Magnesium is important. It is the fourth most abundant mineral in our body and is needed for hundreds of different processes.
I have a good diet that includes a lot of Magnesium-rich foods. But during these peri-menopausal years, I want to make sure that I am not Magnesium deficient.
I use a Magnesium lotion that I use on my legs and elbows to ensure that I have enough of this important mineral. I sometimes also have Epsom Salts baths that are made up of Magnesium Sulphate.
What are the symptoms of Magnesium deficiency?
Not having enough Magnesium in your diet can cause a large list of symptoms.
Some early symptoms of magnesium deficiency are:
loss of appetite
nausea / vomiting
fatigue and weakness
triggering of migraines and headaches
weakness of hair and nails
There are also emotional effects of Magnesium deficiency, such as low mood. Magnesium increases GABA (Gama Aminobutyric Acid) levels in the body, which encourages relaxation. Low GABA levels can make it difficult to relax.
As well as finding it difficult to relax, low GABA levels can interfere with sleep. People with low Magnesium levels often experience restless sleep, waking frequently during the night.
As magnesium deficiency worsens, symptoms may include:
muscle cramps / spasticity
abnormal heart rhythms
During the menopause, the symptoms of Magnesium deficiency can sometimes actually be mistaken for hormonal problems when, in fact, they are just a lack of magnesium. Once this is known, it is easy to put right - start to eat Magnesium-rich foods and bathe in Epsom Salts!
If you would like to read more about Magnesium, there is a factsheet written by the National Institute of Health.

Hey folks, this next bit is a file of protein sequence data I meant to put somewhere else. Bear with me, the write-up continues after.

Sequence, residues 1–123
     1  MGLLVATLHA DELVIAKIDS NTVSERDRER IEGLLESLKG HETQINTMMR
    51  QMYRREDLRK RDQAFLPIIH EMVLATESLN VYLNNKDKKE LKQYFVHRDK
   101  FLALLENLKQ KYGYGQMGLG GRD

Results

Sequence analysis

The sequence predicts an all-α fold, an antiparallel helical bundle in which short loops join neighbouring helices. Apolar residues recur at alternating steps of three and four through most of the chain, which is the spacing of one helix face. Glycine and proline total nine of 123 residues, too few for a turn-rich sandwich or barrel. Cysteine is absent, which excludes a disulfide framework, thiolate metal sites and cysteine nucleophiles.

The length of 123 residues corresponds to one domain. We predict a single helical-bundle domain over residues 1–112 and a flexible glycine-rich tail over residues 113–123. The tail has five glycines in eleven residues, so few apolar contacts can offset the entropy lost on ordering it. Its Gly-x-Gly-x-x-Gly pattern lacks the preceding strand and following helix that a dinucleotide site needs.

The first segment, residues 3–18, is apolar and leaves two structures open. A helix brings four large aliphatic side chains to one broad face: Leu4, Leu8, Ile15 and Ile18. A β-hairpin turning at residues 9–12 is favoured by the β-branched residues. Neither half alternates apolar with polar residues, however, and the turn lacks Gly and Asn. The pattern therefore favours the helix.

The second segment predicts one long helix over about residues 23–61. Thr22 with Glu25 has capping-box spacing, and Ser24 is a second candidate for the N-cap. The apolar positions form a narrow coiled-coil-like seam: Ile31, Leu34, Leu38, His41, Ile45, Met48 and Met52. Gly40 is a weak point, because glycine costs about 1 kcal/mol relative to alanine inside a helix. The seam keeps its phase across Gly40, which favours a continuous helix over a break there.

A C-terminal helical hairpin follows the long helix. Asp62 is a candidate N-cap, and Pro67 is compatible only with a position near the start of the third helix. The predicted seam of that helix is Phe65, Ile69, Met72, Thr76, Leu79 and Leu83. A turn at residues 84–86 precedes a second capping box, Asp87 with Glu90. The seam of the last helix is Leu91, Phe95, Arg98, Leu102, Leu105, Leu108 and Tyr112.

What does Magnesium do for the body?
Magnesium helps with more than 300 enzyme systems that regulate reactions in the body, some of which are:
Muscle and nerve function
- Magnesium regulates muscle contractions and allows muscles to relax.
Blood glucose control
- low levels of Magnesium are associated with insulin resistance.
A Magnesium deficiency is often seen in people with Type 2 Diabetes.
Blood pressure regulation
- helps to prevent blood vessels from constricting and improves blood flow.
- Magnesium creates energy by activating ATP, units of energy in cells.
- If there is a Magnesium deficiency, nutrients in food will not be turned into
Contributes to bone development
- including by influencing the types of cells the body needs for bone growth and
If you would like to know more about the science of how Magnesium works within the body, you may find this article in a Physiological Journal interesting.
Which foods contain high levels of Magnesium?
Magnesium is naturally present in many foods.
Rich sources of magnesium are:
- greens, (79mg per 100g)
- avocado, (29mg per 100g)
- nuts, (229mg per 100g)
- seeds, (592mg per 100g)
- dry beans, (eg black beans 76mg in 86g)
- whole grains (eg buckwheat 56mg in 28g)
- dark chocolate (64mg in 28g)
As a bit of a chocoholic, I was very pleased to know that eating dark chocolate, with over 70% cocoa, is good for me!
How much Magnesium do you need daily?
In the UK, the daily recommended allowance is 270mg.
By eating enough of the right food to get the recommended allowance of Magnesium you can avoid supplements.
But, I find that there are some days that I eat a lot of the foods high in Magnesium, and other days I eat nowhere near the daily recommended allowance. This is why I also use Magnesium lotion and sometimes have a bath with Epsom Salts.
If you would like to discuss homeopathy and your health, feel free to book a free discovery call with me or email me.
Is homeopathy for you?
Homeopathy is used all over the world for so many health issues, including menopause. Whether you have a big health issue that is stopping you from getting on with your life, or niggly health 'annoyances', feel free to contact me if you think I may be able to help.
I am always happy to hear from you.